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The Warmest Swimming Ever

Worldwide ocean surface temperatures reached a record high this summer with more dramatic highs on the coast of New England, according to the Boston Globe.

·        According to the National Climactic Data Center, worldwide ocean surface temperatures reached a record high this summer, rising to more than 1 degree above average.

·        The coast of New England saw a far more dramatic rise in temperatures to more than 64 degrees – 3 degrees higher than the 20th century average.

·        Most researchers say it is possible global warming is a contributing factor, though no definite link has been established.

·        Warmer than average waters can have a myriad of affects, among them driving away fish that prefer cooler temperatures.

An excerpt of the article is below. Read the full article at the Boston Globe.

The Warmest Swimming Ever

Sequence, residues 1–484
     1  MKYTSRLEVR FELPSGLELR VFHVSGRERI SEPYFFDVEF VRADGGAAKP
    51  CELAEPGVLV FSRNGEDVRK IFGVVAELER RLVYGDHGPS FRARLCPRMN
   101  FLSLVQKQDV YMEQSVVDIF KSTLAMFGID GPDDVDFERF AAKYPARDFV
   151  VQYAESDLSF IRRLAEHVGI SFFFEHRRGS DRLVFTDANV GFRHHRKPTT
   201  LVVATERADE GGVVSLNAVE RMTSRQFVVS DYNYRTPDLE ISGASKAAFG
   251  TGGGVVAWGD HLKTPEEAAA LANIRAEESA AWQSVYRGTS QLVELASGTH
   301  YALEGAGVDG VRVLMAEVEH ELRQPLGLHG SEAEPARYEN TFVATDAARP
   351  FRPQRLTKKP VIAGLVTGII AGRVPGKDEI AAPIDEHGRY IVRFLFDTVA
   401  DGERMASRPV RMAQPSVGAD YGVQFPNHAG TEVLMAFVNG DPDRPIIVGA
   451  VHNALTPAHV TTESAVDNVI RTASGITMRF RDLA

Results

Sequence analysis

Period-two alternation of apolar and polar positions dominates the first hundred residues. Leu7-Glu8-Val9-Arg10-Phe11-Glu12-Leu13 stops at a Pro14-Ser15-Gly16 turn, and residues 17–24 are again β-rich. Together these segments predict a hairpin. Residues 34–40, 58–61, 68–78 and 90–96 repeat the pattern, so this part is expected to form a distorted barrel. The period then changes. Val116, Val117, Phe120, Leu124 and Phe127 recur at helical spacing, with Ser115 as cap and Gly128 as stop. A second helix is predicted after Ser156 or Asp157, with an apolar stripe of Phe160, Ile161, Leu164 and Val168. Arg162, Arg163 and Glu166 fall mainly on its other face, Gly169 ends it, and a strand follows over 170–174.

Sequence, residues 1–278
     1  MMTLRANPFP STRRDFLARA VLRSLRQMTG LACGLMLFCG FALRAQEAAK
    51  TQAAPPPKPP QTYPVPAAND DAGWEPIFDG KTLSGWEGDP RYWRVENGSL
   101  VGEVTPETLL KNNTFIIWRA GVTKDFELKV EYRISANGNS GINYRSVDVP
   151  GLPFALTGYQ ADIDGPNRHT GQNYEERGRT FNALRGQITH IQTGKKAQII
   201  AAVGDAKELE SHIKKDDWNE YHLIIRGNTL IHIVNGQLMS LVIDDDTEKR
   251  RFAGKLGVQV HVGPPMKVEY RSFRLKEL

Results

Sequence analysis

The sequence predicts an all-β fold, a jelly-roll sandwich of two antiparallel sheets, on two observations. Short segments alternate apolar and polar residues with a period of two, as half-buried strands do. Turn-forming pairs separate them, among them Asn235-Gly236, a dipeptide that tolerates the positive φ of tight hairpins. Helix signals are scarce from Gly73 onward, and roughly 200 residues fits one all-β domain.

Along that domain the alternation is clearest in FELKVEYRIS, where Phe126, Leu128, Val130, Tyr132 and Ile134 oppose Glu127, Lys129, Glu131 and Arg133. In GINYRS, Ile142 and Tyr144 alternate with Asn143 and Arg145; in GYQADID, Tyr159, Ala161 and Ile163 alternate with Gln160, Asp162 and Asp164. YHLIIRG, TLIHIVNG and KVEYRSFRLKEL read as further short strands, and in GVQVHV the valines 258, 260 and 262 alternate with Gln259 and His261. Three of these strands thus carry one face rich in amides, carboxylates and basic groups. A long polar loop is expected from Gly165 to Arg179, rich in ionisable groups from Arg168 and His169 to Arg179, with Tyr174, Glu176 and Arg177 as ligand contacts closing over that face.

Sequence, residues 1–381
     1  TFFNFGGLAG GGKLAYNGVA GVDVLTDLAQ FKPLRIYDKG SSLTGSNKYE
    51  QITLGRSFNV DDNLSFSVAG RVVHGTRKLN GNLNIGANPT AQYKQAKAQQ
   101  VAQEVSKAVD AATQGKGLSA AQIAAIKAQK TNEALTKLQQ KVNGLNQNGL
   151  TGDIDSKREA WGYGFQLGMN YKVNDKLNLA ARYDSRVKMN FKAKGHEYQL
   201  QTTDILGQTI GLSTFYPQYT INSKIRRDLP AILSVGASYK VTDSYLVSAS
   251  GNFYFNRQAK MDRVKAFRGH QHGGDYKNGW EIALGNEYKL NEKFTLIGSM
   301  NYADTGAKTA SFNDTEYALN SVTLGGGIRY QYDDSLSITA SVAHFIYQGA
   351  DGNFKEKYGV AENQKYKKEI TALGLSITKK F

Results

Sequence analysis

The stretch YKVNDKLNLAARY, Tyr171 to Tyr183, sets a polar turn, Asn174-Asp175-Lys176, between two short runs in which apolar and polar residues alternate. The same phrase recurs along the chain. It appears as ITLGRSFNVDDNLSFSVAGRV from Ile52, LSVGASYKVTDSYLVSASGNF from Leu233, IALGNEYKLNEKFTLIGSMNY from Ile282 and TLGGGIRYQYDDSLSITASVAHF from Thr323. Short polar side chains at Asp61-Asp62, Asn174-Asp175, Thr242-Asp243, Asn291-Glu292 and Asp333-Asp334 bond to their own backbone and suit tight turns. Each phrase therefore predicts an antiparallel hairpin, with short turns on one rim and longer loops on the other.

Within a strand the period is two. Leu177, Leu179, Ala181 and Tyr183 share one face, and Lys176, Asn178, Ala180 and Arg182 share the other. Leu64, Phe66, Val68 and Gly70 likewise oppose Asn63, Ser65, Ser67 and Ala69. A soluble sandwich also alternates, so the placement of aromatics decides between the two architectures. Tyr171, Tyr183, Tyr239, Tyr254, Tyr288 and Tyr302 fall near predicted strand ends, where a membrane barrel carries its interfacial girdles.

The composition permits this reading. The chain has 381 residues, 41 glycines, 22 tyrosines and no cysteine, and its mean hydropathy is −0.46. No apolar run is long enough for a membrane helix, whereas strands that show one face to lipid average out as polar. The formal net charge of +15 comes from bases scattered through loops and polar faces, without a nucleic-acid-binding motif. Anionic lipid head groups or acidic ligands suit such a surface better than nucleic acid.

From Maine south, ocean temperatures topped charts
By Peter Schworm and Sarah Schweitzer
Boston Globe, September 7 2009

It was a September day with a hint of fall in the ocean air, but the surf off Salisbury Beach beckoned warmly. Babies splashed and boogie-boarders rode wave after wave. Swimmers strolled into shallows that were like tepid tide pools.

“Usually I have to wade in and get numb,’’ said Joanne Smith, a Littleton resident taking an extended swim with her 11-year-old son, Chris. “Today, I was able to just get right in.’’

Up and down the New England coast, beachgoers this summer have reveled in unusually warm water, with even ankle-waders taking the once-bracing plunge. From York Beach in Maine to Horseneck Beach in Westport, vacationers and day-trippers marveled at the sudden absence of what Smith called the “pain factor,’’ the numbing sting that on the warmest days would make a quick dip a gasping ordeal.

Read the full article at the Boston Globe

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